As a teacher, Charles Hawthorne is given much credit for the emergent art colony. As a landlord, Frank A. Days from the Azores isn’t given credit enough, for providing the low-cost spaces that made it possible. In 1914, he and his sons built studios atop the lumber bins at the F. A. Days & Sons yard. The windows faced close to true north. Early tenants included Ross Moffett, Edwin Dickinson, Charles Kaeselau, and Hawthorne. In the 1950s, Joseph Oliver shored up the studios, installed heating and toilets, and raised the annual rents from $60 to $250. Oliver sold the property in 1972 to the Fine Arts Work Center, at 135 Bradford. It was founded by Josephine and Sal Del Deo, Alan Dugan, Stanley Kunitz (the common room bears his name), Philip Malicoat, Robert Motherwell, Myron Stout, Jack Tworkov, Hudson D. Walker (the gallery bears his name), and Ione (Gaul) Walker.
Other key figures were Richard Florsheim, Jim Forsberg, Ruth Hiebert, Mary Oliver, and Judith Shahn. “They believed that if they provided younger artists with a place to live, a studio to work in, and a little money in their pocket, they could attract a new generation,” said Hunter O’Hanian, a former executive director.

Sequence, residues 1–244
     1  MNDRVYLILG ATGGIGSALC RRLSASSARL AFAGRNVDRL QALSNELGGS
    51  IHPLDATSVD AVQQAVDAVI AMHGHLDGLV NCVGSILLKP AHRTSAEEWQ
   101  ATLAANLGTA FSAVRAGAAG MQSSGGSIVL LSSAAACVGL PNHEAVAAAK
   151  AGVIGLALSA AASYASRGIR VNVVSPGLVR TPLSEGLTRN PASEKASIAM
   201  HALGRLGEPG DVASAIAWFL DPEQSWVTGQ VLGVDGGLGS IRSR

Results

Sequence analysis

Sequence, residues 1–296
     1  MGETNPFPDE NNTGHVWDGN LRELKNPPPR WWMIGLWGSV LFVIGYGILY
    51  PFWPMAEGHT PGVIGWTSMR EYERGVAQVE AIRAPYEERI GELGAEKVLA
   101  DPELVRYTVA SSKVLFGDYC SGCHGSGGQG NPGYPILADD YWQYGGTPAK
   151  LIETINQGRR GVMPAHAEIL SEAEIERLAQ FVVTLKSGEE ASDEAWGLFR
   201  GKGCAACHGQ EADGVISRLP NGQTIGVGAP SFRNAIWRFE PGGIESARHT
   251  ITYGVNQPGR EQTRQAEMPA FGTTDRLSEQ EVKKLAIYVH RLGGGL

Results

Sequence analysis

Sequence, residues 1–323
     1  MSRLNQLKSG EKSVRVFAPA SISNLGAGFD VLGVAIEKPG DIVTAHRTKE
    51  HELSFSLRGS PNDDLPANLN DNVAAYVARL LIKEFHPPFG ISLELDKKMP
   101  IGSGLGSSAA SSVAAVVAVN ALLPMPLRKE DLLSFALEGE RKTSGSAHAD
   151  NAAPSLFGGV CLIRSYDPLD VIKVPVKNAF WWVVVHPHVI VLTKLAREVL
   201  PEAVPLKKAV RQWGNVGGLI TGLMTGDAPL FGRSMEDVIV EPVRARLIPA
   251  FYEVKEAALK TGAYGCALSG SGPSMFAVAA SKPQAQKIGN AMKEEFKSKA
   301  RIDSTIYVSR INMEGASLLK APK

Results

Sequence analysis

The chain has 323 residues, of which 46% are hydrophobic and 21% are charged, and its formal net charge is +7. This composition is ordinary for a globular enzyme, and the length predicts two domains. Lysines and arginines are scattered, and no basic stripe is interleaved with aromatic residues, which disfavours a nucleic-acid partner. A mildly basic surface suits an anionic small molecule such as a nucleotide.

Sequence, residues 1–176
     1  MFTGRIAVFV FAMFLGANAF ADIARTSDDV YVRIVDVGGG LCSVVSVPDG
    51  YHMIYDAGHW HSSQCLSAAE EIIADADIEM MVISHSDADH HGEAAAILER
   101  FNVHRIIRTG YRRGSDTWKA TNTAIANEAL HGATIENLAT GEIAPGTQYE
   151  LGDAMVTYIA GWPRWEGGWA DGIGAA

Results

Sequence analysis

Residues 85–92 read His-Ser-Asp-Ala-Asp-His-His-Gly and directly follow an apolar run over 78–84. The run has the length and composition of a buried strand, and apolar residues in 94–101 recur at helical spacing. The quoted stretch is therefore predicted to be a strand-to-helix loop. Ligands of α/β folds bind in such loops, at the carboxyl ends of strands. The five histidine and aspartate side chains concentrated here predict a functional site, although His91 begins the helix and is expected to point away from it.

Among 800 or so fellows are Keith Althaus, Susan Baker, Paul Bowen, Molly Malone Cook, Michael Cunningham, Bill Evaul, Bill Fitts, Nick Flynn, Martha Fowlkes, Cynthia Huntington, Michael Klein, Jane Kogan, Jhumpa Lahiri, Sharli Powers Land, Susan Lyman, Peter Macara, Conrad Malicoat, Jim Peters, Heidi Jon Schmidt, Roger Skillings, Joan Wye, and Bert Yarborough. The coal shed was turned into a common room, designed by Michael Prodanou, in 1988. O’Hanian oversaw the connection of the north and south wings in 2004 with a two-story addition designed by Prodanou. Margaret Murphy presided over the reconstruction in 2009-2010 of the studios, which were jacked up and suspended while new offices were built below.
The “barn” was probably a storehouse used by Stephen Cook, whose wharf was at the foot of Pearl Street. Oliver rented it to Peter Busa and, in 1961 and 1962, to Motherwell and Helen Frankenthaler, who were then married. A picture of them posed in the open loft doors is an indelible image of the art colony.
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